By Jane and Michael Stern
Originally Published 2007 Gourmet Magazine
The coast of Maine and the waters that batter it are a hundred shades of gray. But in the summer, on picnic tables all along the waterfront, bright red lobsters and cups of melted butter signal the ultimate warm-weather feast, a full-bore shore dinner.
About as formal as we like to get on the seafood trail is Mabel’s Lobster Claw, a lunchroom in Kennebunkport. Paper place mats explaining how to eat a lobster decorate tables in snug wooden booths, Sherry-laced lobster Newburg heads the menu, and the lobster roll—heaped with large nuggets of meat in a fine film of mayo—is one of the region’s best.
Mabel’s is also a good place to go for a shore dinner, that top-of-the-line Down East banquet. We think of the shore dinner as a festive meal descended from Algonquin clambakes, in which clams and corn were layered in seaweed over hot stones. The modern version is built around lobster and clams.
A full shore dinner usually also includes red potatoes and corn on the cob boiled in the same salty water as the lobster, and it sometimes features fried fish, grilled sausage, deep-fried clam cakes, and baked Indian pudding or strawberry shortcake for dessert. At Mabel’s you start by spooning into creamy chowder crowded with pieces of clam and potato, then tackle a good-size lobster perched on top of a pile of steamers and accompanied by broth and butter. If fudge cake is available it can’t be ignored, but the essential dessert is peanut butter ice cream pie. At The Clam Shack, around the corner and down the street from Mabel’s, the menu is minimal and amenities do not exist. “We have no tablecloths,” says owner Steven Kingston. “But we do have good lobster.”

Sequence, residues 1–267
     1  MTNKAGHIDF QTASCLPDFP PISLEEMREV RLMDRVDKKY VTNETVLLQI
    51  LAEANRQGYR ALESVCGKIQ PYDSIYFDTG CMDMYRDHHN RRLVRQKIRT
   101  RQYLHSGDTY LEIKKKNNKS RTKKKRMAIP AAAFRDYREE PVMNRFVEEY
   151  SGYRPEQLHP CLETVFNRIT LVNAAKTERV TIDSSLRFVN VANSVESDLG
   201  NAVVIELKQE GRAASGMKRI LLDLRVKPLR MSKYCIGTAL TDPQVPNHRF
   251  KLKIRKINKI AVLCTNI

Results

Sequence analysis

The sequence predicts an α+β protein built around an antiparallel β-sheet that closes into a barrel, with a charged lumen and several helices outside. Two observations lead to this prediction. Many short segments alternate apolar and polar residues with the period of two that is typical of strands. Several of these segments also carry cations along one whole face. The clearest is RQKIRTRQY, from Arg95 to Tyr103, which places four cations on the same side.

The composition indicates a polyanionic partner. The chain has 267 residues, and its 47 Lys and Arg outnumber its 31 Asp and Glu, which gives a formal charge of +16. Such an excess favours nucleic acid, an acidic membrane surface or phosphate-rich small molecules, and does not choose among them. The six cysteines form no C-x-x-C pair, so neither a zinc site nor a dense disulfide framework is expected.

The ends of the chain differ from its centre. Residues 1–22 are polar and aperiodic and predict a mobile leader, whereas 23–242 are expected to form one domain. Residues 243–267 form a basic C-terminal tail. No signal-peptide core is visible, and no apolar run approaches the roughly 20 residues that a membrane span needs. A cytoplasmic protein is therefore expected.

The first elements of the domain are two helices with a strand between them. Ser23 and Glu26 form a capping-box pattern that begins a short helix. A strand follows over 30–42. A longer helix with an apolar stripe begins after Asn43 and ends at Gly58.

That’s Maine understatement if we’ve ever heard it. The lobster, boiled in seawater that surges up the Kennebunk River at high tide and is retrieved through a pipe that runs from the restaurant 70 feet down to where the channel’s current is pure and salty, packs big fresh flavor with a wicked ocean twist. Tail meat virtually erupts with juice, knuckles are brawny and succulent, claws soft with a saline halo.
The Clam Shack is best known for dishing out cardboard boats loaded with fragile fried clams (always fresh, never frozen) and lobster rolls to pedestrians at one end of the bridge between Kennebunk and Kennebunkport. The lobster rolls are loaded with all the meat from a one-pound lobster—large sections of tail, knuckle, and claw. They are served on a locally baked roll and available either drizzled with melted butter or dolloped with mayonnaise. Whole lobsters are boiled and sold from an adjoining store that is also a seafood market and bait-and-tackle shop. There are benches on a deck in back and seats facing the sidewalk in front, where fish crates serve as makeshift tables. (Town zoning forbids proper seating here.) Potatoes? Rolls? Corn? Dessert? You’re on your own. The store does sell bottles of beer and wine.